For instance, many tweeters use words that will attract the attention of their followers. “Good news,” “today,” “giveaway,” “photo” and “interview” are keywords used quite frequently and usually followed by a colon, a description and, or, a link. Any words that appear to be linked to an interesting story are generally tweets we pay closer attention to.
Inhabitat (@inhabitat): “GIVEAWAY: @Inhabitots is giving away 8 stainless steel personalized @Wawabots water bottles for kids! Enter to win now: http://su.pr/1cPeqK”
People Magazine (@peoplemag): “PHOTO: Katy Perry goes blonde! (via @stylewatchmag) http://ow.ly/7OZC8”
Major news publications use “breaking,” “exposed,” “exclusive,” and “it’s official” to direct follower attention to breaking news stories. Celebrities often use “sneak peak” to provide their followers with an inside look at their latest project, which often makes their fans feel personally connected with the celebrity. Many online niche magazines, organizations and companies use words like, “secrets,” “facts,” “tips,” “how-to” and “top 10” to give their followers helpful hints and pointers that pertain to a particular topic.
TMZ (@TMZ): “EXCLUSIVE: Amanda Knox — Signs with Book Agent … Who Repped Barack Obama http://bit.ly/v4ZaHc”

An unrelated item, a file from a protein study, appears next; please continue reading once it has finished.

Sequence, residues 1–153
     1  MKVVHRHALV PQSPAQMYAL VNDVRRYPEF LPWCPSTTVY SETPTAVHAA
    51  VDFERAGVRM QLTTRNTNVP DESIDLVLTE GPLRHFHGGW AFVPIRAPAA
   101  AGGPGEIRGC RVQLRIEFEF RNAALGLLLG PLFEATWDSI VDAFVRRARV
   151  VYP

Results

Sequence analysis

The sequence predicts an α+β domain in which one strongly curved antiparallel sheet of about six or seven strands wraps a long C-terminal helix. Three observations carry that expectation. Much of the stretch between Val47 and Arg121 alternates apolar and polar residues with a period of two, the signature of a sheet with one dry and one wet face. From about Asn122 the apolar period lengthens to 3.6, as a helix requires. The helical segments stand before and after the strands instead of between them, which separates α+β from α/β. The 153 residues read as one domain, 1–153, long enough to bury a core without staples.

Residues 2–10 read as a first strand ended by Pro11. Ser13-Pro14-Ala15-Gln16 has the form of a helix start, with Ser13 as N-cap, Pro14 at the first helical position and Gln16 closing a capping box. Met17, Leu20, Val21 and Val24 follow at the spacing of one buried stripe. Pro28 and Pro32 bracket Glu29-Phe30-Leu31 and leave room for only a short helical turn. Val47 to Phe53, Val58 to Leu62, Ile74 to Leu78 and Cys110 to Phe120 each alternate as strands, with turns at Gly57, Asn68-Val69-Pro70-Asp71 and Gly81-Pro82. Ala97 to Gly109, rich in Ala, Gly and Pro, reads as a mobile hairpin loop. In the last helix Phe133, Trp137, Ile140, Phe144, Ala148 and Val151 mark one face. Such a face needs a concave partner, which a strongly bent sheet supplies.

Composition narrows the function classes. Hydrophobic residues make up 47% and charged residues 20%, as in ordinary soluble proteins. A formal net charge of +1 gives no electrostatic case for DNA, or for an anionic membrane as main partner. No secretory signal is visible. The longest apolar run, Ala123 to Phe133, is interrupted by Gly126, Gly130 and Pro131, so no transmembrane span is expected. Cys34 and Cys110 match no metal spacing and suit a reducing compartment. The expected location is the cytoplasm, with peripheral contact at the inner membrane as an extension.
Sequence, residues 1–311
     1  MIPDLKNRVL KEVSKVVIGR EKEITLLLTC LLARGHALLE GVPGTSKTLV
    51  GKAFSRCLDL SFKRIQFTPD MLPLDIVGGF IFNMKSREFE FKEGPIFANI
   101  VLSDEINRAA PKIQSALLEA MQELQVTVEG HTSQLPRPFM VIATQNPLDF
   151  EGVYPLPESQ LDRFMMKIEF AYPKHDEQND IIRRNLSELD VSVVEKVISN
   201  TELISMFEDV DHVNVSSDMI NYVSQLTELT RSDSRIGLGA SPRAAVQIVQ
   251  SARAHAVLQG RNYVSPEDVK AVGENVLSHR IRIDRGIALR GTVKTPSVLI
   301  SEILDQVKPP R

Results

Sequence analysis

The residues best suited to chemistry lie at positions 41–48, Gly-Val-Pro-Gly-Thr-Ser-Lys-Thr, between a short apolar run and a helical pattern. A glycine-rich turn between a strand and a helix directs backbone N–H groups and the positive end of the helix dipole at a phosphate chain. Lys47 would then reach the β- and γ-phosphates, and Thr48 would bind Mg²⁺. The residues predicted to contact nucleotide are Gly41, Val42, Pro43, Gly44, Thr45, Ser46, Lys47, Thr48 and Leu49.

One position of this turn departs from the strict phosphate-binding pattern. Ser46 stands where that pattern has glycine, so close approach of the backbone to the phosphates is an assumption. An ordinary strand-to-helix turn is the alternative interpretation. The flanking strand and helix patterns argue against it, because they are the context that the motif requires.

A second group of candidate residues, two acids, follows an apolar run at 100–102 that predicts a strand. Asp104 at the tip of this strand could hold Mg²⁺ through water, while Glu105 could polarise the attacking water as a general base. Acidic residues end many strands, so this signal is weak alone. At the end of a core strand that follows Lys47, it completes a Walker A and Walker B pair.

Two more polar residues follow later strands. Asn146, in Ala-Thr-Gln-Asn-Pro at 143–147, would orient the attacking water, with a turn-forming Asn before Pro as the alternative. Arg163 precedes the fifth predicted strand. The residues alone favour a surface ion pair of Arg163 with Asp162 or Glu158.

The Associated Press (@AP): “BREAKING: Service firms expanded at a slower pace in November as orders grow, employment falls. –EF”
One thing that rings true for most tweeters is sending messages to other Twitter users and asking questions. Both methods are interactive, which can help drive traffic to different Twitter accounts as well as open up conversation between both parties. I mean, it’s no secret that Twitter users love when they’ve been re-tweeted or referenced in another person’s tweet.
The Huffington Post (@HuffingtonPost): “Are iPods causing hearing damage? Teens investigate http://huff.to/sCITZq”
Vogue Magazine (@voguemagazine): “Find out @OfficialALT’s take on @The_Real_IMAN in @Zac_Posen at the Alvin Ailey Opening Night Gala. http://ow.ly/7PfUU”
As far as clichés are concerned, there have been a number of times where someone has tweeted a tired cliché, but for some reason it was OK on Twitter — perhaps because it was easy to understand what the person was trying to communicate.
For example, the saying, “Stop and smell the roses,” has often been tweeted to express how one should take the time to appreciate the good things in life. “[We are like] two peas in a pod” has also been used to suggest how close of a friendship two people have.
What are some keywords and clichés you’ve spotted on Twitter? Send us your findings.